Sitting, he examined the two missives, then opened the one from the mystery gentleman.
The lines within were few and to the point, informing him that Tony Blake, Viscount Torrington, and Gervase Tregarth, Earl of Crowhurst, were holding themselves ready to escort him further on his mission. They were quartered nearby, and would continue to call at the inn every evening to check for his arrival.
Reassured that he would be moving forward, in action again soon, he refolded the letter, tucked it inside his coat, then, mildly intrigued, opened the second missive. He'd recognized the handwriting, and assumed his aunts had written to welcome him home, and to ask and be reassured that he was, indeed, heading up to Humberside, to the house at Middleton on the Wolds that he'd inherited from his father and that remained their home.
As he unfolded the two pages, crossed and recrossed in his elder aunt's spidery script, he was already composing his reply - a brief note to let them know that he had landed and was on his way north, but that business dealings on the way might delay him for a week or so.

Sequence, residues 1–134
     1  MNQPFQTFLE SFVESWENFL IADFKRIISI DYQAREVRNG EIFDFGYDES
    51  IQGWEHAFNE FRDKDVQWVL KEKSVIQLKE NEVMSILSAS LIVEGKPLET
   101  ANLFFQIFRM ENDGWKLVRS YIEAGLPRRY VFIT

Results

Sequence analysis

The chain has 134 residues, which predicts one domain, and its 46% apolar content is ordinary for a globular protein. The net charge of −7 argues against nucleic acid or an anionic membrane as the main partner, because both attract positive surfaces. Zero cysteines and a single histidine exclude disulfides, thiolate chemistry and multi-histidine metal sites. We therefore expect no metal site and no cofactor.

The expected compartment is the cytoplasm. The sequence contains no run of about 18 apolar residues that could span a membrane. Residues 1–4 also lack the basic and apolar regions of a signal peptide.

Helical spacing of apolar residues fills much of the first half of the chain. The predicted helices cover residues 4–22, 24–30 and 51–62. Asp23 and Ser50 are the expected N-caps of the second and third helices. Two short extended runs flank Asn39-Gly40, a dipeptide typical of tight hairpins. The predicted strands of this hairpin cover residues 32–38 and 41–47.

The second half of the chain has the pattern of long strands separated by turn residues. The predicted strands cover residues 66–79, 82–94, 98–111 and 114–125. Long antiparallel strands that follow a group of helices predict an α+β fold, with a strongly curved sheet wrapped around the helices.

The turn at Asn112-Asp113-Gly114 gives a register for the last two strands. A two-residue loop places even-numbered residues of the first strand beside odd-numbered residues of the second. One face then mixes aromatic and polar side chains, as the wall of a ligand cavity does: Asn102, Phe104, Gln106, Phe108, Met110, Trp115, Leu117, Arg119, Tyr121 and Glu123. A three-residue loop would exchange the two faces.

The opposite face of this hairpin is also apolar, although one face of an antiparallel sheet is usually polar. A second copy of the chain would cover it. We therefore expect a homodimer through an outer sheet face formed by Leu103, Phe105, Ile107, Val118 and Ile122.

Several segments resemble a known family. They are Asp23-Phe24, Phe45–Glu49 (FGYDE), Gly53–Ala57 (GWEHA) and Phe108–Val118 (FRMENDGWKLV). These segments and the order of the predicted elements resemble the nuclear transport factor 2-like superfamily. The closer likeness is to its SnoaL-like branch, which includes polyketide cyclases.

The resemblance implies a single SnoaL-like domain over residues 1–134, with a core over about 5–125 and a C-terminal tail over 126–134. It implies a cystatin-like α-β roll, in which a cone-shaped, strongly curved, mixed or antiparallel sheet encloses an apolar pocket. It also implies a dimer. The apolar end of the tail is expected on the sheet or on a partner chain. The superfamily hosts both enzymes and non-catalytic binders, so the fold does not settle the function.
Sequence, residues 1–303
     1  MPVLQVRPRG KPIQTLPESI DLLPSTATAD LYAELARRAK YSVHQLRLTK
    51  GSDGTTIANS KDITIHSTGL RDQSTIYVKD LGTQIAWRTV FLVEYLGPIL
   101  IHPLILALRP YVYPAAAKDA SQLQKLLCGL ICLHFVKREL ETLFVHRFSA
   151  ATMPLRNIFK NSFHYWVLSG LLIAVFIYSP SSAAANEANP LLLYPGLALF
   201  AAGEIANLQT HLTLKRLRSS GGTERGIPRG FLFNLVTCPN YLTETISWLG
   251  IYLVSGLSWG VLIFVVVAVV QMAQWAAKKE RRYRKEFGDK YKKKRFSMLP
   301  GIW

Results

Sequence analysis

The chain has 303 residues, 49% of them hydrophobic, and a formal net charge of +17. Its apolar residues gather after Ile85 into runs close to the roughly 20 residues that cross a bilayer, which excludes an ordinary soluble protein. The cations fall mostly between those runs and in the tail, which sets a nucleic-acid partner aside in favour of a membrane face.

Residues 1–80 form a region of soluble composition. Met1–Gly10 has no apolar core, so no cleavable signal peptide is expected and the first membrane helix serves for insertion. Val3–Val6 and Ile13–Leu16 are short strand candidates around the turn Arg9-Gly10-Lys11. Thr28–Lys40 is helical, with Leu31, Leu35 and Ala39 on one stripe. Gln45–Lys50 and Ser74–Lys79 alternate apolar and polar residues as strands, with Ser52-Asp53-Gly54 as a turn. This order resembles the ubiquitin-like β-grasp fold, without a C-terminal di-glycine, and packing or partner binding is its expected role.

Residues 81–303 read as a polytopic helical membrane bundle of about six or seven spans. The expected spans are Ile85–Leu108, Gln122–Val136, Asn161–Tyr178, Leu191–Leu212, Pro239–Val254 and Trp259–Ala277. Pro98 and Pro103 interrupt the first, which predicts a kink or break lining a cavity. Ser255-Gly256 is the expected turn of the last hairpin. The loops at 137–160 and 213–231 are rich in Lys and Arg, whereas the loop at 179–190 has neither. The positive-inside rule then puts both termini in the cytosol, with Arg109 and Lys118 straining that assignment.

Reading his aunt's salutation, followed by an enthusiastic, even effusive welcome, he smiled, and read on.
He wasn't smiling by the tine he reached the end of the first page. Laying it aside, he deciphered the rest, then tossed the second sheet on the first, and quietly, but comprehensively, swore.
After staring at the sheets for several minutes, he gathered them up, rose and, stuffing the sheets in his pocket, made his way back to the inn's foyer.
Bowden heard his footsteps and came out from his office behind the counter. "Yes, Colonel?"
"I understand a young lady, a Miss Duncannon, was due to arrive here some weeks ago?"
Bowden smiled brightly. "Yes, indeed, sir. I'd forgotten - she asked after you, too."
"Indeed. I take it she's left and headed north?"
"Oh, no, sir. Her ship was delayed, too. She didn't get in until last week. Quite relieved, she was, to learn you'd been delayed, too. She's still here, waiting on your arrival."
"Ah. I see." Del suppressed a grimace, and started making plans. "Perhaps if you could send word to her room that I've arrived, and would appreciate a moment of her time?"
Bowden shook his head. "No use at present - she's out, and she's taken her maid with her. But I can tell her as soon as she comes in."
Del nodded. "Thank you." He hesitated, then asked, "Is there a private parlor I might hire?" Somewhere where he and his unexpected burden could discuss her onward journey.